Lynette: Is this a personal choice of yours, or do you find this is an industry practice, or do you think for some readers it won't matter? (it reminds me of how soaps 'magically' grow children from the age of 12 to 18 overnight LOL) But it's something I never thought of when reading a series. As long as the author keeps the time line straight, it doesn't matter to me.

I have to admit this is a personal obsession for me. Again, because I deal in so many tiny details in my suspenses. I’ve not had conversations with other pubbed authors about this. Those of you out there who’ve written series, what say you?

Domino: How closely related do stand alone novels have to be for them to be considered a series? I have a three book series that has three different heroines. It is generally the same group of people, but not all are family members . . .

Definitely a series. You don’t have to have the same protagonist in a series. I did this with my Bradleyville women’s fiction series—three generations of women, with a different main character each time, starting in the 1960’s and coming up to present day. The continuity was the fictional town and extended cast of characters, who appear from book to book. I am now doing this with my Kanner Lake series (although all stories are present day).

Domino: I've already researched date and weather details on the internet calendars , noting when the moon is full or new and setting my Sundays and Saturdays on the correct day of the month.

I use two Web sites consistently for these issues. will give you the correct weekday for a date in any year. Holidays too. For moon phases, plus sunrise and sunset times in specific locations, see:

The moon phase and sunset times were very important in writing Violet Dawn, as the main character is racing the dawn. Just a few days ago I looked up the sunset time in northern Idaho on the day Coral Moon takes place. When night falls is important. Of course, I couldn’t look this up if I didn’t know the exact day the story begins, so—heck, we're back to that date thing again.

Becky: Do all suspense writers for Christian publishers have to do 2 books a year? I know writers in other genres who write one book a year . . . It just seems hard to develop a real buzz if a book is a has-been so quickly.

Well, first, authors have to write as they can write. Some can do one book a year, some four or even more. I’m in the middle. Having said that, it also depends on the genre. As my editor puts it, in the suspense genre, you need to “feed the beast.” There’s a momentum that gets going among the kind of readership that loves the fast-paced stories. Sheesh, my readers make me tired. I just get a book on the shelves, and they’re already wanting the next one. So for my genre’s sake, and because two books a year is all I can handle—that’s what I do.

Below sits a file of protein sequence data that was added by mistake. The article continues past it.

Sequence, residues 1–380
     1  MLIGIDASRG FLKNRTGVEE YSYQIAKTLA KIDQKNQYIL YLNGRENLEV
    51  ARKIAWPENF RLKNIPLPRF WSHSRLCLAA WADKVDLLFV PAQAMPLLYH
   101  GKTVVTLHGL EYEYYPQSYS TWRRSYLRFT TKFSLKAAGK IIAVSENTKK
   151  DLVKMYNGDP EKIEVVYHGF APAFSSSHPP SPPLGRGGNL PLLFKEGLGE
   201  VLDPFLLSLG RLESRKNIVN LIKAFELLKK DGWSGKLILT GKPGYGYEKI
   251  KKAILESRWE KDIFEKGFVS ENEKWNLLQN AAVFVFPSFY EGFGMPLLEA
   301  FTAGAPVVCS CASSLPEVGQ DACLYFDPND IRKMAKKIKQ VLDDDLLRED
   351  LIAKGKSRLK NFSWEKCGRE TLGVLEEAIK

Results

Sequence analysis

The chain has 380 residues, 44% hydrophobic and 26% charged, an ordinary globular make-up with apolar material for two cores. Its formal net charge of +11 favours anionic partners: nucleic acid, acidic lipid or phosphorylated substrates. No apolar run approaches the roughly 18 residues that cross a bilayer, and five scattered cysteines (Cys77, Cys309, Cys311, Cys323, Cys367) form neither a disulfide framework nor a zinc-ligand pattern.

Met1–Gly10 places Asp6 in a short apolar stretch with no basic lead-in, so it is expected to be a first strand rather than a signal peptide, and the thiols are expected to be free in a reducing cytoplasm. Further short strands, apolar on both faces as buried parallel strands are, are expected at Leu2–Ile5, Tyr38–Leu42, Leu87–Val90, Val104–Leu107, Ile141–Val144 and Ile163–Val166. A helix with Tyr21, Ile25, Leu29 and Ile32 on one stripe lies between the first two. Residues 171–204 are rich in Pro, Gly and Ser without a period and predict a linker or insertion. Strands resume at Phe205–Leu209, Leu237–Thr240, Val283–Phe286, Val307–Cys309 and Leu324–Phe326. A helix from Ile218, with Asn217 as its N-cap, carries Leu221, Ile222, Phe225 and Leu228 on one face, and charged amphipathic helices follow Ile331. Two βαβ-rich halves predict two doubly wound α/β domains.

Becky: Some of us never start a series because by the time we hear of it we are already behind by a book or two.

Yeah. I see this as the pro-con argument for series. The pro is, you get a reader hooked, you’ll sell that reader future books in the series. Con is, reader sees book #2 in the store and won’t buy it because he’s missed book 1. For this reason, Zondervan has stopped putting book numbers on series books. That seemed to be a CBA thing, and the ABA stores didn’t like it. (ABA authors tend not to have numbers on their series books.)

Also, this goes to show that when you are writing a series, you need to continue promoting the backlist, focusing on book #1 in the series. Even if that was 4 books ago, if you keep selling book 1, you’ll keep selling the rest.

C.J.: I always try to write my books in a timeless sort of way. I attempt to keep from dating the stories at all, except for naming the month or season. I find myself less likely to re-read a novel that took place in say, 2001, because there's less immediacy.

I have to agree with that last thought. Which is why, when I’ve named days and dates in my suspense novels, I’ve not put the year on there, even though I’m very aware of what year it is. Which leads me to Bonnie’s question:
Do a lot of people obsess with novel timelines to that miniscule degree (figuring out what year goes with the date?) Tell you the truth, I don’t think most readers do. But somebody out there’s gonna do it. So if you have a day and date mentioned, or even a holiday falling on a certain day of the week, you’d better get it right. If you don’t, you’ll hear about it from your obsessive readers.

We’ll pick this up on Monday. Think of me as I write this weekend—and eat my Kanner Lake Violet Dawn M&Ms.

Read Part 4

Thursday, March 02, 2006

Character Arcs in a Series--Part 2

Today we embark on studying some guidelines for planning a character arc for a book series.

Guideline #1: Watch dates and years.

This won’t apply to all series. Not all books make it clear what day(s) the events are occurring. My Hidden Faces books, which take place in present day, actually state the day of the week and date (which determines the year), so I really had to be careful about this issue. But there are hidden ways your books might contain dates that define the year. Does your story include a holiday that changes weekdays year to year? Or one like Easter, that changes dates? If your story is present day, and Christmas falls on a Sunday, your story is taking place in 2005.